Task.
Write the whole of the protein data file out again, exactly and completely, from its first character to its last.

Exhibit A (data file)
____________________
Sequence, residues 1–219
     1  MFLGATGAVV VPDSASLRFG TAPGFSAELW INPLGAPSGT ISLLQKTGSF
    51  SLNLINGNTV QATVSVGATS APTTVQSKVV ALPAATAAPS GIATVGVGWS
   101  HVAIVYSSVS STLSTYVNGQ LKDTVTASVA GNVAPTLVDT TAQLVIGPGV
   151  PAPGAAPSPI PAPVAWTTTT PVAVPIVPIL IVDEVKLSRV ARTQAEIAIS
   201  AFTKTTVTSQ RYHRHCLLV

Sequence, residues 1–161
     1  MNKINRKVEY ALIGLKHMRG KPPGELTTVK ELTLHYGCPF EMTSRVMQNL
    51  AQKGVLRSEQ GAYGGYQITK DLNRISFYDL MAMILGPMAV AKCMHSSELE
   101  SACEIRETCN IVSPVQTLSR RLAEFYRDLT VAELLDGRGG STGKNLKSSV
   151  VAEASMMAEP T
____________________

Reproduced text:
Sequence, residues 1–219
     1  MFLGATGAVV VPDSASLRFG TAPGFSAELW INPLGAPSGT ISLLQKTGSF
    51  SLNLINGNTV QATVSVGATS APTTVQSKVV ALPAATAAPS GIATVGVGWS
   101  HVAIVYSSVS STLSTYVNGQ LKDTVTASVA GNVAPTLVDT TAQLVIGPGV
   151  PAPGAAPSPI PAPVAWTTTT PVAVPIVPIL IVDEVKLSRV ARTQAEIAIS
   201  AFTKTTVTSQ RYHRHCLLV

Sequence, residues 1–161
     1  MNKINRKVEY ALIGLKHMRG KPPGELTTVK ELTLHYGCPF EMTSRVMQNL
    51  AQKGVLRSEQ GAYGGYQITK DLNRISFYDL MAMILGPMAV AKCMHSSELE
   101  SACEIRETCN IVSPVQTLSR RLAEFYRDLT VAELLDGRGG STGKNLKSSV
   151  VAEASMMAEP T